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The Work At Height Safety Association



Technical Guidance Note 3



Guidance on inspecting personal
fall protection equipment



A series of informative notes for all industries
involved with work at height or rescue.































The Work at Height Safety Association (WAHSA) is a UK trade association for manufacturers of equipment for work at
height and rescue. This series of guidance notes is published by WAHSA to provide information on topical issues
relating to work at height which may be a source of confusion, or where other information may be lacking. The
information provided is only intended to apply within the UK.
They should be regarded by readers as a source of information only and are not intended to be exhaustive, or to
indicate any specific course of action.
It is the responsibility of readers to judge the relevance and applicability of this information to their own situation.
All contents copyright WAHSA 2012.


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WAHSA technical guidance note no. 3

Guidance on inspecting personal fall protection equipment


Introduction

This guidance note gives guidance on the interpretation of Regulation 12 of the Work at Height
Regulations, 2005 (WAHR) which sets out duties for the inspection of work equipment.

It offers general advice on inspection regimes for personal equipment used to provide protection against
falls from a height and is intended to give information on the frequency, procedure and level of detail of
inspections, as well as the type of records which must be kept.
It does not give information about the criteria for inspecting individual products, methods of care or
cleaning, or information about storage and or maintenance. Employers should consult the manufacturer
and/or supplier of the equipment for any product-specific inspection requirements.

This leaflet does not deal with requirements for anchor points, which are discussed in Technical
Guidance Note 6.


1.0 What are the legal requirements for inspection?

The WAHR place duties on employers and other duty holders concerned with managing or carrying out
work at height.

Regulation 12 applies only to the inspection of work equipment to which Regulation 8 and
Schedules 2 to 6 apply. This guidance will only cover personal protection equipment (PPE)
associated with Schedule 5 personal fall protection systems.

In addition to the requirements in WAHR, there are also requirements for inspection in BS EN
365: 2004, recommendations in BS 8437 and Health & Safety Executive Publication INDG367.
All contain both general and specific information on periodic inspection of fall protection
equipment.


2.0 What are the practical reasons for carrying out inspections?

There are a wide range of possible causes of degradation of the materials used in fall protection
equipment, including abuse, general wear and tear, edge/surface damage, ultraviolet light, dirt, grit,
chemicals, dropping, excessive loading and fails.

Textiles deteriorate slowly with age regardless of use, however the most common cause of strength
loss in textile equipment is through abrasion (either by grit working into the strands or by chafing against
sharp or rough edges) or by other damage such as cuts. Any equipment showing signs of damage
such as this should be repaired by a competent person / the manufacturer or scrapped.
Textile equipment that has suffered a high shock load (impact force), or has had a load dropped on to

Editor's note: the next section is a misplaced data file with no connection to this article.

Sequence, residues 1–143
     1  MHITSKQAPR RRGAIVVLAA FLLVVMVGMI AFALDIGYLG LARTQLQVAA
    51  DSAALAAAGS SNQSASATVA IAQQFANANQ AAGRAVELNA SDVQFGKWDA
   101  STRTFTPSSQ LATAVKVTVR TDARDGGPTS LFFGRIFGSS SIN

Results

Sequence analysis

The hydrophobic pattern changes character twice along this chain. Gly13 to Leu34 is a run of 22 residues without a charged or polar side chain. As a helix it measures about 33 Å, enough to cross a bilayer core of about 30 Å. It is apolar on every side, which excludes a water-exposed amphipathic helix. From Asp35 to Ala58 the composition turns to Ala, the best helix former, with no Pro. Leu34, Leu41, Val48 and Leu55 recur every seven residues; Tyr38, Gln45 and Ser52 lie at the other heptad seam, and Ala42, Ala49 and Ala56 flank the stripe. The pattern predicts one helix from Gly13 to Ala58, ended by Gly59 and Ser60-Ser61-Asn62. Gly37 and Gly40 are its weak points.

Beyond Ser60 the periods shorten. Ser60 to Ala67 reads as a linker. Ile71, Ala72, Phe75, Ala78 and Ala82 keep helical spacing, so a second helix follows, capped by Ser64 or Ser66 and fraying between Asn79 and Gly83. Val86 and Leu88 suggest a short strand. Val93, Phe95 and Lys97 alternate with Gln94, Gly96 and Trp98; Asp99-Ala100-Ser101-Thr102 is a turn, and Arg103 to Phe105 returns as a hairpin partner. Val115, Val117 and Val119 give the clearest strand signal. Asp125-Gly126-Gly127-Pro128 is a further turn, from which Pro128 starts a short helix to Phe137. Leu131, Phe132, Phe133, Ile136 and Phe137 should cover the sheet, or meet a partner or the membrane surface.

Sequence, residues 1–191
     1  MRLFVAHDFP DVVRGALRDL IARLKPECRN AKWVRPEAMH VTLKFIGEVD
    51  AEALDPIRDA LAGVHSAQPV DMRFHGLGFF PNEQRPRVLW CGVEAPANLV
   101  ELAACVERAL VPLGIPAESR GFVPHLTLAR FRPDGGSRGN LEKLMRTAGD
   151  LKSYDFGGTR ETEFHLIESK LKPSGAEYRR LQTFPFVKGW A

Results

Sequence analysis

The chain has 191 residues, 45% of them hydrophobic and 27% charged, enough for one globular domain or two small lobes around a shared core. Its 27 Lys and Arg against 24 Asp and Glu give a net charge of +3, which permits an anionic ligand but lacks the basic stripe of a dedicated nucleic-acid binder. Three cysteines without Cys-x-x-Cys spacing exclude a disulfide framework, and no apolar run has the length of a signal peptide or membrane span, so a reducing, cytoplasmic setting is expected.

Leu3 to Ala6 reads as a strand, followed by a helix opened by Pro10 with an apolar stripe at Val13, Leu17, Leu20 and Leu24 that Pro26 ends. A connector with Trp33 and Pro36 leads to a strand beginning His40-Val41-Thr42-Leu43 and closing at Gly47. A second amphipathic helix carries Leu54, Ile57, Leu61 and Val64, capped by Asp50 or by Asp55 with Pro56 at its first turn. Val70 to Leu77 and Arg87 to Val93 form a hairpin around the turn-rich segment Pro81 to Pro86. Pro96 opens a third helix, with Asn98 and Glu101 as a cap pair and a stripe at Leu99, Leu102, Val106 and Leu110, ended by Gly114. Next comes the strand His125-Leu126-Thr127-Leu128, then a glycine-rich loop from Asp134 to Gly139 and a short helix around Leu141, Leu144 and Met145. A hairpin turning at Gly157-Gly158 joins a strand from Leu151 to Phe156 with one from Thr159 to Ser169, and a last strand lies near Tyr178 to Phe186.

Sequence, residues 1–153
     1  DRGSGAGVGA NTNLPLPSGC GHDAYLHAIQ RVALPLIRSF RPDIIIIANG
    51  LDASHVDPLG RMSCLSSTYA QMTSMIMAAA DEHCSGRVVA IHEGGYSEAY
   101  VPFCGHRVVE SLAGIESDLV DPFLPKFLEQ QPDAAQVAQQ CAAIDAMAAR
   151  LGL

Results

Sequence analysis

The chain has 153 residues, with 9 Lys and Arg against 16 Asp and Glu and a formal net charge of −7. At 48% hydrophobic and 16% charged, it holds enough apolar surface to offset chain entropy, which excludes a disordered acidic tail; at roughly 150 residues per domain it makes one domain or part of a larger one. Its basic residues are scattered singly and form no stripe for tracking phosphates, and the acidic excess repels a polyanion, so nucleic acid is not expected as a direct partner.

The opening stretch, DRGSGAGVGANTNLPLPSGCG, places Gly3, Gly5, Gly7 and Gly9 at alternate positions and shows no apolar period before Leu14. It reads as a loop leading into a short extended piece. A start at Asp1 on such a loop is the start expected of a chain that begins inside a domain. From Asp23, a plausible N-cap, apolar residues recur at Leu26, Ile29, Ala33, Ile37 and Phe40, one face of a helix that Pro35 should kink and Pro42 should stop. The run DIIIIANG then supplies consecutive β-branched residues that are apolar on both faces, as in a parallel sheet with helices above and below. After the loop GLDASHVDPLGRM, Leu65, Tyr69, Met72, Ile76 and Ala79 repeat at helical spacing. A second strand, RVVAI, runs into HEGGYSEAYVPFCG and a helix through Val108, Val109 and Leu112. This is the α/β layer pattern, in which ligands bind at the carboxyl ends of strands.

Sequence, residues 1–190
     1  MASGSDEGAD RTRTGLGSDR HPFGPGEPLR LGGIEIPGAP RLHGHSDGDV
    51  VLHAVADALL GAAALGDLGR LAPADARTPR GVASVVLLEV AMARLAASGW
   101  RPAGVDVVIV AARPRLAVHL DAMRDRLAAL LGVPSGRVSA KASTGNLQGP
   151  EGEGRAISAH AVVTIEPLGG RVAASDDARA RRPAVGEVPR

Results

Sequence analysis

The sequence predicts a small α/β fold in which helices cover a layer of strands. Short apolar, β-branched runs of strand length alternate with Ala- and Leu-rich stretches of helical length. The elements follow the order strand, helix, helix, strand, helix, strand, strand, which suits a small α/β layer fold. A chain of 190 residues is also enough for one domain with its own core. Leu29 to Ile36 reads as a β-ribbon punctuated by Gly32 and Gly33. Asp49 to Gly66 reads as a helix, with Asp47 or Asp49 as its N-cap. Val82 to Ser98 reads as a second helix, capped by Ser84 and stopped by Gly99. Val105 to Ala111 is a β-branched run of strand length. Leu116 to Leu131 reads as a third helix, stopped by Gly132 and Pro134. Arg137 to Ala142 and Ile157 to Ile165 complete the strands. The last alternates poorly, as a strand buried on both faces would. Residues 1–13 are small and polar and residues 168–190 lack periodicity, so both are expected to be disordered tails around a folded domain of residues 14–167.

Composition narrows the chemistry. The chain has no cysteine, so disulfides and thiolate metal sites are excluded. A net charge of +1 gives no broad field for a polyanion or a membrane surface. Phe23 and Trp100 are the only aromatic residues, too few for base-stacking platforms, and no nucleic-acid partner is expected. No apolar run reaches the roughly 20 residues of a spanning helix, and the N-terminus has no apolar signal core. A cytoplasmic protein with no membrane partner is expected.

it, should also be scrapped.

Recent research has highlighted that there is no well-defined boundary (e.g. usable life) separating
equipment that is safe to use and that which is not. The safest course of action is to scrap any
component about which there is any doubt. Proof load testing should not be carried out on textile
components or (usually) on components used in conjunction with textile components (e.g. rope
grabs).





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3.0 Longevity and obsolescence of personal protection equipment.

Some equipment is given a lifespan or obsolescence date by the manufacturer. Where the
manufacturer does not give an obsolescence date, it is advisable to set a date after which such
equipment should no longer be used. The information supplied by the manufacturer for the component
should be referred to when deciding on the length of this period.

Equipment that has reached such a limit, which has not already been rejected for other reasons, should
be withdrawn from service and not used again, unless or until confirmed by a competent person, in
writing, that it is acceptable to use.


4.0 Inspection and checks

Employers should establish a regime for the inspection of equipment that is drawn up by a competent
person.

The regime should include:
the equipment to be inspected (including their unique identification)
the frequency and type of inspection (pre-use checks, detailed inspection, interim inspection
and servicing)
designated competent persons to carry out the inspections
action to be taken on finding defective products
means of recording the inspections
training of users
a means of monitoring the inspection regime to verify inspections are carried out accordingly.

4.1 Pre-use Checks
These checks are essential and should be carried out each time, before the product is used.
Pre-use checks should be tactile and visual and the whole item should be subject to the
check. A visual check should be undertaken in good light and will normally take a few
minutes.

4.2 Detailed Inspection
These are formal, comprehensive inspections that should be carried out at suitable intervals
based on an assessment of the equipment type, frequency of use and environmental conditions.
BS EN 365: 2004 recommends detailed inspection at least every 12 months. BS 8437: 2005